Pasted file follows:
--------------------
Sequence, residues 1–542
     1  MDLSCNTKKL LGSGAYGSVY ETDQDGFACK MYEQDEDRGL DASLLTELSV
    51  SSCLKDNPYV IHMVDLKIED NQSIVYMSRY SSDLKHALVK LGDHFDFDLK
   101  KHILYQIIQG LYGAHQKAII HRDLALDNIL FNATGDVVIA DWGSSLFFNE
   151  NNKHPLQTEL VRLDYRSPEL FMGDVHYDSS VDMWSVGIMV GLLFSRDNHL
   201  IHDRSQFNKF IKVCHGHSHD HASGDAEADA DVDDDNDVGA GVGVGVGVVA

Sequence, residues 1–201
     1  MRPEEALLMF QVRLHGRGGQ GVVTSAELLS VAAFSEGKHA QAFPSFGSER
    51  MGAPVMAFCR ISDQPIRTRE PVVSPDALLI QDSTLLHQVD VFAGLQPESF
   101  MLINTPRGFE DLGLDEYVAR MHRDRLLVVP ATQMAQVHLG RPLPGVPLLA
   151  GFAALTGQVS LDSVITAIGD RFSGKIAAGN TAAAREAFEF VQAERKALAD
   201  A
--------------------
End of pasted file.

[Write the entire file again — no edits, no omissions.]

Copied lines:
Sequence, residues 1–542
     1  MDLSCNTKKL LGSGAYGSVY ETDQDGFACK MYEQDEDRGL DASLLTELSV
    51  SSCLKDNPYV IHMVDLKIED NQSIVYMSRY SSDLKHALVK LGDHFDFDLK
   101  KHILYQIIQG LYGAHQKAII HRDLALDNIL FNATGDVVIA DWGSSLFFNE
   151  NNKHPLQTEL VRLDYRSPEL FMGDVHYDSS VDMWSVGIMV GLLFSRDNHL
   201  IHDRSQFNKF IKVCHGHSHD HASGDAEADA DVDDDNDVGA GVGVGVGVVA

Sequence, residues 1–201
     1  MRPEEALLMF QVRLHGRGGQ GVVTSAELLS VAAFSEGKHA QAFPSFGSER
    51  MGAPVMAFCR ISDQPIRTRE PVVSPDALLI QDSTLLHQVD VFAGLQPESF
   101  MLINTPRGFE DLGLDEYVAR MHRDRLLVVP ATQMAQVHLG RPLPGVPLLA
   151  GFAALTGQVS LDSVITAIGD RFSGKIAAGN TAAAREAFEF VQAERKALAD
   201  A